By Mischa Hedges, Director of Communications
At Thanksgiving Coffee Company, we’re always talking about how to connect our coffee community. We strive to create a space for dialogue between coffee drinkers and coffee farmers – space that allows for gratitude, appreciation and knowledge about coffee to be shared. With social media and increased global connectivity, it’s becoming much easier than it used to be to do that. For instance, check out this new feature on our website:
If you’ve enjoyed one of our single origin coffees recently, you can visit our “Farmers” page and write a message to the coffee farmer or cooperative who grew it.
Traveling to your coffee’s country of origin and meeting your coffee farmer in person is the richest way to connect, but that’s not an option for most people. We’re hoping this new feature on our website will enable you to deepen your relationship with your coffee.
Some of the farmers and cooperatives we partner with are Facebook users, and can respond directly to your messages! In other cases, we’ll gather and send your messages to the farmers and cooperatives we work with so they can see your appreciation.
Let us know what you think of this new feature…
Last month, the good folks at Operation Groundswell let us know about the fantastic trips they lead to Central America to reconnect people with where their food comes from. Their trips are inspiring, educational and adventurous, and often end up in coffee country…so we thought you’d like to hear about them. Enjoy!
-The team at Thanksgiving Coffee Co.
From Seed to Shelf, Ethical Consumerism From The Ground Up
Guest Post: by Lindsey Berk, Operation Groundswell
“Eating is an agricultural act.”
– Wendell Berry, American novelist, activist, cultural critic, and farmer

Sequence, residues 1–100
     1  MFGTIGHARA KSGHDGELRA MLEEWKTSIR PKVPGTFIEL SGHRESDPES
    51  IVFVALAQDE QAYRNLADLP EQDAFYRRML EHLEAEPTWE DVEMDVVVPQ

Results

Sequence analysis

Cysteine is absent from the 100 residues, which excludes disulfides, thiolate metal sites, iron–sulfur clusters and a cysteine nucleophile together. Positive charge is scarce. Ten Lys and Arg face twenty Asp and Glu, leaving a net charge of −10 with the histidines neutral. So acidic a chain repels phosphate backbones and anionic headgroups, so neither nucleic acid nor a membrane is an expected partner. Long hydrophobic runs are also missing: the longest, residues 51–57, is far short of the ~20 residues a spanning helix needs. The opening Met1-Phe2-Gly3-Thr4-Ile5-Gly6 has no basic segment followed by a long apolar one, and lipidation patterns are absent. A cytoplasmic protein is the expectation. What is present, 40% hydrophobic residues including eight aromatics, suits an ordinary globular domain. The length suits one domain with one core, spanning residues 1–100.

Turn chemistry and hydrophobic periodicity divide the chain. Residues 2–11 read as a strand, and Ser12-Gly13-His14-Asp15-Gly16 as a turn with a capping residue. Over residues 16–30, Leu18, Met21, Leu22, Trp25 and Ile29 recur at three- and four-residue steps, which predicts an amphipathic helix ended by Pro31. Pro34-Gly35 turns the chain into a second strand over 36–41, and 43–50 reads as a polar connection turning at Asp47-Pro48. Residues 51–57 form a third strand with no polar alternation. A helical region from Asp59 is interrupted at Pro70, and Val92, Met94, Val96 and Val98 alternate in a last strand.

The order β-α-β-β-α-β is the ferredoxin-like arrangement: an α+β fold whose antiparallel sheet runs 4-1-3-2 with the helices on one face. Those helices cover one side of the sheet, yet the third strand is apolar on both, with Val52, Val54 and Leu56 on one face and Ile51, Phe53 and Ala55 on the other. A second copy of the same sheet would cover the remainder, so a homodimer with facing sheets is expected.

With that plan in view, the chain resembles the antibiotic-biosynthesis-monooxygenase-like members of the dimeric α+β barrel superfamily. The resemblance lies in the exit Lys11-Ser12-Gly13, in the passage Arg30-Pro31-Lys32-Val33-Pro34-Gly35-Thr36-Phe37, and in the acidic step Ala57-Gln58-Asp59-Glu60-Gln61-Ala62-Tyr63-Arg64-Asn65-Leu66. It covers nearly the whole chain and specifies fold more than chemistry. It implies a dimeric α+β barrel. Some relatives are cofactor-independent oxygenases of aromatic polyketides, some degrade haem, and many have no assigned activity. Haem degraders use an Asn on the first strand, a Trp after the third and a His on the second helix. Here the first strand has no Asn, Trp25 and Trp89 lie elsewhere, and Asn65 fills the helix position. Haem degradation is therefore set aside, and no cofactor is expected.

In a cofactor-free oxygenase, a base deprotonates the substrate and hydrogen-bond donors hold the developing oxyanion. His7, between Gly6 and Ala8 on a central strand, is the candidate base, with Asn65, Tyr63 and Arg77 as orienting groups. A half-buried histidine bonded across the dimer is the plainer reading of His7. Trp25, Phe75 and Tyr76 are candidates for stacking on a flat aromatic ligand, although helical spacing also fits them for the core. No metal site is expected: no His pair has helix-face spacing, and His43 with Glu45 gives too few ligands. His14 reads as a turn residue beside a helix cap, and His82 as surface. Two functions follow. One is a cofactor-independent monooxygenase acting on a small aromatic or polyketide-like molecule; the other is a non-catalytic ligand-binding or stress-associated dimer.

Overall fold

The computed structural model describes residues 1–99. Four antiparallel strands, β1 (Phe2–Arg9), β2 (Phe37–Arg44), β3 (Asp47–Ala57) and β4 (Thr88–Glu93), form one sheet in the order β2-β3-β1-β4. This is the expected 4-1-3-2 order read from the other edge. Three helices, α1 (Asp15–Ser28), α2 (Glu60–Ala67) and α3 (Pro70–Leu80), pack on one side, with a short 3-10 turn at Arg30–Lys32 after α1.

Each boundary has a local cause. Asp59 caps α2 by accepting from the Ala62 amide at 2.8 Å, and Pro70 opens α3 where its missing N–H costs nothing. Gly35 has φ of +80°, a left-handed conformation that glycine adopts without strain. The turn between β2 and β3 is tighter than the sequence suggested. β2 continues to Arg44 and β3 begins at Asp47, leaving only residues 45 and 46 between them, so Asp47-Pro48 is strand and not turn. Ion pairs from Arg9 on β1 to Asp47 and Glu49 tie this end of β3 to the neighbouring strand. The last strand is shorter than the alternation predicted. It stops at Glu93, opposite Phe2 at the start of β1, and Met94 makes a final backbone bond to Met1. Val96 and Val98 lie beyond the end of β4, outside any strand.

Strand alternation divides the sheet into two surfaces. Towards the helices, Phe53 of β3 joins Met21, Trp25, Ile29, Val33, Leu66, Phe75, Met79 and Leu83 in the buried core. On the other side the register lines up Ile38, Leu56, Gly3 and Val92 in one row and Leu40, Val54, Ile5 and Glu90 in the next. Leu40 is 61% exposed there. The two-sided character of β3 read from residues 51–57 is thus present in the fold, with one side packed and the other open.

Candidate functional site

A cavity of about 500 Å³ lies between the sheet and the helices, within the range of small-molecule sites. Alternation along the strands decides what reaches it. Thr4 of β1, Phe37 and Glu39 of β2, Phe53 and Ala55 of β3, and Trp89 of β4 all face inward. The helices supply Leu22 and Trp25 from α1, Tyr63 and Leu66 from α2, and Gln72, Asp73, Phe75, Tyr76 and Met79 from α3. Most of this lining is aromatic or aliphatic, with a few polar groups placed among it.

We seem to have forgotten that…
At least, I had forgotten that until I left my corporate job and my NYC apartment in 2011 to begin a three-year journey around Latin America and Australia. Working on a winery in Mendoza, Argentina during its harvest taught me the importance of a farmer’s vigilance and dedication – as well as how fickle a crop can be. WWOOFing on an organic farm in Byron Bay, Australia, brought out my inner child as I delighted in pulling carrots, radishes and peanuts out of the ground.
Volunteering at a coffee cooperative in Guatemala instilled in me the importance of fair wages and food justice. This was the same girl who had grown up with a plethora of food in the pantry, always answering the slightest hunger rumble with a more-than sufficient meal without giving a second thought to how that food got there.
But now I know how food gets to us. I know that a cup of coffee is never just a cup of coffee.
I know that every ingredient has its own journey, and that frankly, not all journeys are created equal. Local or industrial; organic or conventional; commodity crop or Fair Trade, slow food or fast food. These words were not just created by marketers; they have a real impact on the way we eat. That’s why I teamed up with Operation Groundswell to lead From Seed to Shelf: Ethical Consumerism from the Ground Up in Guatemala this fall.
From Seed to Shelf is a nine-day exploration of where our food, and coffee, comes from and what it goes through before hitting the shelves of our local grocery store.
We’ll go into the jungle to taste raw cacao straight out of the pod. We’ll farm alongside coffee farmers while hearing about their daily struggle to live off the world’s second-most traded commodity. We will peel back the curtain of industrial agriculture and see the challenges our food producers face every day. We will research issues such as food justice, land distribution, and malnutrition in real time and with real people who face these issues every day, every week, every year.